Many job applicants still search for conventional work in their field. But they might be disappointed if they look around these days. The economy has steamed forward over the years, but critics decry some of the directions it has taken. There were around 10 million jobs created since 2005 in the country, but a majority of those jobs created were actually temporary in nature. Many sectors have seen the rise of independent contractors and other working professionals. Gig work has increased substantially, and people are moving in that direction. However, some wonder whether those decisions are the right ones for those following along.
Statistics Have Their Own Story To Tell
Economists at Princeton University have followed the trend and have their own findings. They issued a report that contained a stunning statistic that needs to be considered. Since 2005, American workers involved with "alternative work" has spiked from 10.7% to 15.8% overall. That represents a significant change in the way that people do work overall. Those statistics include people that are independent contractors or those involved with a temp agency. Researchers and economists want to see how that statistical trend influences the economy overall. It could have long-term consequences that were previously unforeseen.
Details From These Findings
Roughly 94% of job creation since 2005 fell in the "alternative work" category. That includes independent contractors and people who do gig work on the side. That means that the majority of these newly created jobs were not in the nine-to-five category. That is a stunning turn of events and a big change of pace overall. People should get used to the "alternative work" idea and what it means. Some independent contractors enjoy the freedom that it offers. Many others have found a lucrative line of work on their own. Still, there is a clearcut trend in the jobs that are being created these days. Economists will need to stay updated on that trend as it occurs.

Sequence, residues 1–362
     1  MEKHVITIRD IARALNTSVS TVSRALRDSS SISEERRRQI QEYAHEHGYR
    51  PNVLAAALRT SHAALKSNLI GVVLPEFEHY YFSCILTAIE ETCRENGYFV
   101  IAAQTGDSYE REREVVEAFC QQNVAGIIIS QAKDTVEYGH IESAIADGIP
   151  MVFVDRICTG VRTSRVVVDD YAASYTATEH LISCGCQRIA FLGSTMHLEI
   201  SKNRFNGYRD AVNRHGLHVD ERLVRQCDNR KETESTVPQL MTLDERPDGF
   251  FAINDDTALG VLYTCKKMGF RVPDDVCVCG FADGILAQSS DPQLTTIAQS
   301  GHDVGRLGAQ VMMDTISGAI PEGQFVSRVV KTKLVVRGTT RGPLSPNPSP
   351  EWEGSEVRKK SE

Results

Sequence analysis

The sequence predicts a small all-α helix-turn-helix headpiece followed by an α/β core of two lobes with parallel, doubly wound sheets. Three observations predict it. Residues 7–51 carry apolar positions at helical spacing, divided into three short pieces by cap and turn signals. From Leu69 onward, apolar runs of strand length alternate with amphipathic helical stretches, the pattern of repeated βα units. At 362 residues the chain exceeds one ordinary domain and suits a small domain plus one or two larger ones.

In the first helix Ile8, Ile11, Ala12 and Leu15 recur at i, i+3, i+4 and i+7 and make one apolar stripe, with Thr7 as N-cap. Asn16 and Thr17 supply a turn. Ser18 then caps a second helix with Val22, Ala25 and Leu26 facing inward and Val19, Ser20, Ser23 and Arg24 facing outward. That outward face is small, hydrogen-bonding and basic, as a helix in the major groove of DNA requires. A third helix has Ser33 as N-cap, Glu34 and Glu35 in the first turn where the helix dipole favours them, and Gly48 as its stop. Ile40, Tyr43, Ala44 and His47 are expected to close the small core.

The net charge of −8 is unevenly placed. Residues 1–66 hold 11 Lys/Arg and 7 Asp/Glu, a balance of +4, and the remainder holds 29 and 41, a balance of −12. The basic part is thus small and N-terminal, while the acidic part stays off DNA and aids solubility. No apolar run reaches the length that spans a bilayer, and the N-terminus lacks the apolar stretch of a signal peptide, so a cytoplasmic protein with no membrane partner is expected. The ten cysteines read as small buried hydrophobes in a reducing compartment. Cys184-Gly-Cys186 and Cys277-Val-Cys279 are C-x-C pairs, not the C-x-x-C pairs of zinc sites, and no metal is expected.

Impact Of Changing Job Markets
It is obvious that conventional job positions are on the decline. That kind of work has been neglected and pushed to the brink by time. Job seekers may have to look elsewhere or find a role that is in high demand. People want to follow job trends and make the right decisions. Women have adapted to the trend and show a preference for alternative work. They have represented a bulk of the people that move into that line of work overall. That trend is expected to continue, even after the study concluded in 2015. A cursory look at the data allows for some predictions to take place.
What To Expect In The Future
Gender bias has switched between 2005 and 2015 in many ways. The alternative job market has improved the opportunities for people of all backgrounds. Both men and women appreciate the chance that they get in their jobs. More women are entering the alternative job market and want to contribute to the effort. They find work that suits their needs and do their part over time. That could even earn them a permanent place in the job market itself.
Big Questions About These Trends
The statistic itself is a major figure that seems like an outlier. For comparison, there was almost no change between 1995 and 2005 overall. Alternative jobs remained steady and relatively low key in the market. But things seemed to change once 2005 came. Many researchers were surprised when the figures for the next decade arrived. That was a clearcut change that needed to be considered. Questions loom about the future of the alternative job market. Workers are concerned about their own position in the economy. Time will tell whether the trend is permanent for people.
Reasons To Join The Market
Workers have found plenty of reason to join with the market itself. New staffing technology has made it possible for many to join the workforce as independent contractors. That staffing technology has found its way into a number of niche roles overall. Workers seeking steady, traditional jobs seem to have lost. But they have gained in many other ways that need to be considered. People who value flexibility have been pleased by their work arrangements.
Make the Move
If you're interested in joining the millions of contractors that have already made the transition, try applying for one of our contract roles. You could find something that fits your lifestyle and your skills in no time. ICS is always looking for great talent, so don't hesitate to reach out.